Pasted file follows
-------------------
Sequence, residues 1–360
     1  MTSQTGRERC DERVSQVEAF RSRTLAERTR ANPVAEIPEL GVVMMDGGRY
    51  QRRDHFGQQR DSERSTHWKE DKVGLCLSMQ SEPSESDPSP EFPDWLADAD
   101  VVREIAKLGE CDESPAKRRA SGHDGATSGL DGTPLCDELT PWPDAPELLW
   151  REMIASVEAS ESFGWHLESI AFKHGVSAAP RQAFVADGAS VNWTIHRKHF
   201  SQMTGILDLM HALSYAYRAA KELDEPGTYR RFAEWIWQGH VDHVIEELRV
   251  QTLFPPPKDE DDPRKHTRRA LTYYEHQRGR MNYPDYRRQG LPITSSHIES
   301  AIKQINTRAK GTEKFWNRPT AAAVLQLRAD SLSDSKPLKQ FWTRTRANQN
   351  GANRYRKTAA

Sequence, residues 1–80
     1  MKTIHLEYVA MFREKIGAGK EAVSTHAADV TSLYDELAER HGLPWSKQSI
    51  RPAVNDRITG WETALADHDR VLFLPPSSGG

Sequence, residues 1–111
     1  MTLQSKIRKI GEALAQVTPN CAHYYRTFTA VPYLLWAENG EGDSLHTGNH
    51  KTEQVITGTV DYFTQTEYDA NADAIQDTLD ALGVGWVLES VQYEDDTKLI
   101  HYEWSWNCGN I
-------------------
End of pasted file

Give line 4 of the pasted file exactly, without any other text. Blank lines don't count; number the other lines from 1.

   101  VVREIAKLGE CDESPAKRRA SGHDGATSGL DGTPLCDELT PWPDAPELLW